Due to frequent extreme weather and climate events brought about by continuous warming of the global climate system, countries around the world are attaching increasing importance to carbon emission reduction. The Chinese government, in an effort to fulfill the new requirements posed by “carbon neutral” development, has been committed to advancing green transformation of the glass industry and actively promoting the development of Building Integrated Photovoltaic (BIPV), glass hydrogen cycle and glass zero-carbon process reengineering, carbon dioxide capture, utilization and storage (CCUS) and other technologies. This article puts forward three proposals for the glass industry to embrace the low-carbon development strategy.
Cover image: Shanghai Bund, Shanghai, China. Photo by Edward He on Unsplash
For the past few years, continuous warming of the global climate system has been threatening the survival and security of mankind. In 2021, frequent extreme weather events around the world, such as Indonesia’s tropical cyclone in April and super rainfalls in Western Europe and China in July, have caused thousands of deaths and displacement of tens of millions of people.
Countries around the world have taken carbon reduction measures to address the impact of climate change on human survival and security, and Glasgow Climate Pact signed in 2021 by the parties to the United Nations Framework Convention on Climate Change explicitly included the issue of coal and fossil fuels in the final decision of the Conference of the Parties and agreed to phase down coal as fuels. As a major global carbon emitter, China announced in September 2020 that “China aims to peak its carbon dioxide emissions by 2030 and strives to achieve carbon neutrality by 2060”. Glass plays an important role as a unique functional material in promoting energy transition and low-carbon transformation.
The Role of Glass in Low-carbon Transformation
The development of glass epitomizes the world’s history of science and technology progress. Glass is intrinsically linked to human civilization, as every progress of glass technology moves the world’s science and technology civilization forward. Facing the new requirements of “carbon-neutral” development, China is committed to promoting a green transformation of the glass industry and puts forward the objective of pursuing “clean, zero-carbon, smart and efficient” development. China has clarified its low-carbon development path consisting of “core + key + foundation” technologies, in which the core technology refers to reconstruction of zero-carbon energy, the key technology focuses on reengineering of the zero-carbon processes in the glass industry while the foundation technology points to construction of a negative carbon system.
According to BP’s Energy Outlook, under the zero-carbon scenario in 2060, photovoltaic and hydrogen will account for 35% and 8% of China’s energy structure respectively (as shown in Figure 1). Therefore, the combination of “photovoltaic + hydrogen energy” will be crucial to the development of zero-carbon energy.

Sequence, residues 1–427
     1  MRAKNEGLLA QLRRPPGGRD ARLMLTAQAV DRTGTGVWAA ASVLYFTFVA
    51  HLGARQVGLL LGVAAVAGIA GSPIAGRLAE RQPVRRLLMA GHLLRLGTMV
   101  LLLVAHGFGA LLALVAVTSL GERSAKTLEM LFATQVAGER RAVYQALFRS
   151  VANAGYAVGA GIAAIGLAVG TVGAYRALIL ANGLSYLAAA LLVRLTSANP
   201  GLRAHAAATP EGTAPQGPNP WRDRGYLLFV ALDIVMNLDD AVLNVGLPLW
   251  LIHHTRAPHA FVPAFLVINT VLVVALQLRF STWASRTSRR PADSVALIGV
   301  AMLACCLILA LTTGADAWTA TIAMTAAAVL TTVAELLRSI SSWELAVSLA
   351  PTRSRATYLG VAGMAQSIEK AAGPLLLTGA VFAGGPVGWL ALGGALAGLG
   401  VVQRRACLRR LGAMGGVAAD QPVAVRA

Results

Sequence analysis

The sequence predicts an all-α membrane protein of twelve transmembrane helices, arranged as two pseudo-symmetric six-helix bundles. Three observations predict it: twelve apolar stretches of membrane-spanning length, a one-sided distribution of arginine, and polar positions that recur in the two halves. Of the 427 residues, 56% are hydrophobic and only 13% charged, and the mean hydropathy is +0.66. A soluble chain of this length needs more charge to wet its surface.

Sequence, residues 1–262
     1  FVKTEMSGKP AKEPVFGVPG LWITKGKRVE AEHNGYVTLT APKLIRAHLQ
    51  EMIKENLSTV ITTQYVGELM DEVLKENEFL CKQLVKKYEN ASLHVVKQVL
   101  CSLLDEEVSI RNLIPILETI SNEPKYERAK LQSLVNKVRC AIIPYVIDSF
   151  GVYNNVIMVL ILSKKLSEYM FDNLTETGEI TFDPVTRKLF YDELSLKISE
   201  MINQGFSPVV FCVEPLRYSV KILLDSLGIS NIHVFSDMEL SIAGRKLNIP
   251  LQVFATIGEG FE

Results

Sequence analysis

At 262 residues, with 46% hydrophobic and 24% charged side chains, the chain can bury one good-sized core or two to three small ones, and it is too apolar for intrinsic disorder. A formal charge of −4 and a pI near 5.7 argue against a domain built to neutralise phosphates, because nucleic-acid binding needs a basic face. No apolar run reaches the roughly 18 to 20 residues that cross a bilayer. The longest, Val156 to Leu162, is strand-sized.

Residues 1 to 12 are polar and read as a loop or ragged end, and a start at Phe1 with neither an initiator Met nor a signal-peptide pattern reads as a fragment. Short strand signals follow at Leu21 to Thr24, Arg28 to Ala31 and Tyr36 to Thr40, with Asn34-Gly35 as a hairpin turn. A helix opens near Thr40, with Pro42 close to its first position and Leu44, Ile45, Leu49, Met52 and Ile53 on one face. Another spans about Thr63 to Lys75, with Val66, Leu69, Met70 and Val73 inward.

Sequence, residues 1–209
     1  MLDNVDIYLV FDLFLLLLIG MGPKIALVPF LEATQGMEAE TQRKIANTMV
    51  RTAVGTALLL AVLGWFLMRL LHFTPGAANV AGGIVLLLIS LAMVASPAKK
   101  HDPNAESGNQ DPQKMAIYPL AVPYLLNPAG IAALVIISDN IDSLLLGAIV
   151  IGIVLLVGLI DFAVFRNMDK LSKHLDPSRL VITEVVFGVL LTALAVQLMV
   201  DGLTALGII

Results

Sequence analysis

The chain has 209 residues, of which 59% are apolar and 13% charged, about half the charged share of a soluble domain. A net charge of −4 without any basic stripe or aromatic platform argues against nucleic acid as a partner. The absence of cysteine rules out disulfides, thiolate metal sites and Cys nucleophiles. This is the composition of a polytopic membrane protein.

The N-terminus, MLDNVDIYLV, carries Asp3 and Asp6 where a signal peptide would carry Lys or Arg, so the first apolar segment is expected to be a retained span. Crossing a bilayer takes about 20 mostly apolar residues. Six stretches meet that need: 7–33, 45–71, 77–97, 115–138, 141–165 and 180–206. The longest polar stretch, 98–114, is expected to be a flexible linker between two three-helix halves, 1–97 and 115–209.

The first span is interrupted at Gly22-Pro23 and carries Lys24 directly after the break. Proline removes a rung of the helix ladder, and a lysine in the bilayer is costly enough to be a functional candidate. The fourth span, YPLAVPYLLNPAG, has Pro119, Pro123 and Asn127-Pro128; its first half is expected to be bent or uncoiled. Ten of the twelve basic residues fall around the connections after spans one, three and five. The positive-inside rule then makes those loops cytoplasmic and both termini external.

Building Integrated Photovoltaic (BIPV)
Thanks to Building Integrated Photovoltaic (BIPV) technology, power generation has become an integral function of BIPV buildings, paving the way to zero-carbon power generation scenarios. Development of the photovoltaic industry depends heavily on glass. For instance, crystalline silicon solar cells require photovoltaic glass as cover materials. Power generation glass and perovskite thin film solar cells require high strain point glass and transparent conductive glass respectively as substrate materials.
China has achieved multiple innovative BIPV projects, including the construction of the 8.5th-generation TFT-LCD ultra-thin float glass substrate factory in Bengbu, Anhui Province (as shown in Figure 2a). Moreover, this factory is the world’s largest single building integrated with thin-film photovoltaics, with a total installed capacity exceeding 10 MW and an annual power generation capacity reaching 11 million kWh. Its BIPV power generation addresses 40% of the entire factory’s electricity consumption, making it a true “lighthouse factory” with significant economic benefits and energy savings achieved. Thanks to power-generation glass materials adopted, the entire system of the National Speed Skating Oval in Beijing (as shown in Figure 2b) reduces carbon emissions equivalent to the annual CO2 emissions of nearly 3,900 cars. The Triumph Robot Intelligent Equipment R&D Center (the Center) built-in Shanghai (as shown in Figure 2c) integrates prefabricated building materials, power-generation glass and advanced thermal-insulation building materials. The average power generation of the Center reaches 227,900 kWh per annum, saving 80 tons of standard coal and reducing 227 tons of carbon dioxide emissions every year.
Green Hydrogen Energy
Zero-carbon power includes solar energy and hydrogen energy. As hydrogen energy moves to the forefront of global energy competition, a key direction of zero-carbon development lies in the combination of photovoltaic + hydrogen energy. In terms of hydrogen energy preparation, hydrogen production from renewable sources (green hydrogen) is the common development trend with a shared understanding achieved. Replacement of traditional fuels with green hydrogen offers the glass industry a promising clean combustion technology —— an innovative technology pursued by Saint-Gobain, SCHOTT and other world-renowned glass companies with certain results achieved. In the future, upon accomplishing core steps in hydrogen storage and transportation, the construction of a “glass hydrogen cycle of preparation-utilization-coupling” (as shown in Figure 3) will become the new direction of carbon emission reduction for the glass industry.